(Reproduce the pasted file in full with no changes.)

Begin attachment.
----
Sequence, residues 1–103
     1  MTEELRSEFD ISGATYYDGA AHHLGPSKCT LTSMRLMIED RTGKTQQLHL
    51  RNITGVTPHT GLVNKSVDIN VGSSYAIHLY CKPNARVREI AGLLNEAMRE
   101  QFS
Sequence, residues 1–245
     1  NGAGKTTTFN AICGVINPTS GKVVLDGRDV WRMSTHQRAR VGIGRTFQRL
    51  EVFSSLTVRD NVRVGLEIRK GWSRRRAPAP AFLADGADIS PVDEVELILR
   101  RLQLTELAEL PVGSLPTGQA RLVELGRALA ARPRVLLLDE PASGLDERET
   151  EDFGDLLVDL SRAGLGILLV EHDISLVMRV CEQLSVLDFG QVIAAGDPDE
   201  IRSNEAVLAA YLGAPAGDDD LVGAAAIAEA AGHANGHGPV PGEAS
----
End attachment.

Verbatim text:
Sequence, residues 1–103
     1  MTEELRSEFD ISGATYYDGA AHHLGPSKCT LTSMRLMIED RTGKTQQLHL
    51  RNITGVTPHT GLVNKSVDIN VGSSYAIHLY CKPNARVREI AGLLNEAMRE
   101  QFS
Sequence, residues 1–245
     1  NGAGKTTTFN AICGVINPTS GKVVLDGRDV WRMSTHQRAR VGIGRTFQRL
    51  EVFSSLTVRD NVRVGLEIRK GWSRRRAPAP AFLADGADIS PVDEVELILR
   101  RLQLTELAEL PVGSLPTGQA RLVELGRALA ARPRVLLLDE PASGLDERET
   151  EDFGDLLVDL SRAGLGILLV EHDISLVMRV CEQLSVLDFG QVIAAGDPDE
   201  IRSNEAVLAA YLGAPAGDDD LVGAAAIAEA AGHANGHGPV PGEAS